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Italy to impose a 26% capital gains tax on crypto sales in 2023

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(Kitco News) - As countries from around the world scramble to find new sources of income amid a global economy that is headed towards (or already in) a recession, Italy has unveiled a new taxing regime for digital assets.

According to a report from Bloomberg, a provision in Italy’s 2023 budget plan looks to implement a 26% levy on capital gains earned from digital asset sales where the profit exceeds 2,000 euros ($2,062.30).

This move from Italy follows a similar development in countries such as Portugal, where lawmakers are looking to start establishing more regulatory clarity around the trade of digital assets. In October, Portugal unveiled its plan to tax short-term gains on digital assets at 28%. This development was a clear sign that the global approach to crypto is shifting as the country was once considered a cryptocurrency tax haven.

Cryptocurrencies have thus far been treated as foreign currency by Italy’s tax authorities which granted them a lower tax rate, but the outsized nature of the gains possible in the crypto market has led to a reevaluation of how they should be taxed.

The bill, which was put forward by the government of Italy’s new Prime Minister Giorgia Meloni, also gives taxpayers the option to declare the value of assets as of Jan. 1, 2023, paying a 14% tax. It was designed in this manner in an effort to encourage Italian citizens to delare their digital asset holdings on their tax return.

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The Indian government adopted a similar approach where it allowed citizens to declare their cryptocurrency holdings before a new tax regime was put in place that would enforce a 30% tax rate.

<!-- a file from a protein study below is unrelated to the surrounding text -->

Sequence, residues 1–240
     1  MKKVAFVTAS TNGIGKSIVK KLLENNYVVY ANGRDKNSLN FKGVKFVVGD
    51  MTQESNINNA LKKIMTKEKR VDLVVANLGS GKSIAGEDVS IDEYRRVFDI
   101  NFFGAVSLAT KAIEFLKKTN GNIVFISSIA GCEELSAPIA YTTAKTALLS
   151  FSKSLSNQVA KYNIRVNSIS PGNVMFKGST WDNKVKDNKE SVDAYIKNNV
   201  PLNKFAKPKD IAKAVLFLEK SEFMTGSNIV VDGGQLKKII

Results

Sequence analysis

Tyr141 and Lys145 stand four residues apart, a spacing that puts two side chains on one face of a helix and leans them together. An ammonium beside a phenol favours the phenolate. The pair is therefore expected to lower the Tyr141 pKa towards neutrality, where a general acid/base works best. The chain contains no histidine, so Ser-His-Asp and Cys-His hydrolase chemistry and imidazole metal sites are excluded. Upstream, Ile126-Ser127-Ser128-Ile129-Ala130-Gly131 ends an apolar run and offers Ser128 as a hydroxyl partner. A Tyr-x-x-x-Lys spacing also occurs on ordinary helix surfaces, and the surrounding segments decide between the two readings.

Also included in the proposed law are disclosure obligations as well as stipulations that extend the stamp duty tax to cryptocurrencies. The bill must still be approved by parliament, which can also amend the law as its sees fit.

Data provided by Triple A indicates that 2.26% of the population of Italy, or roughly 1.3 million people, own crypto assets, which is a lower adoption rate than many of the countries in Europe including the UK (6%), Germany (5.64%) and France (3.3%).

It’s an interesting time to unveil such a bill as the cryptocurrency market has been embroiled in several high-profile implosions that have drained more than $2 trillion from the total crypto market cap since November 2021. Global regulators are taking this opportunity to increase their scrutiny of the nascent asset class and establish a regulatory framework that can potentially help protect investors from such notable bankruptcies in the future.

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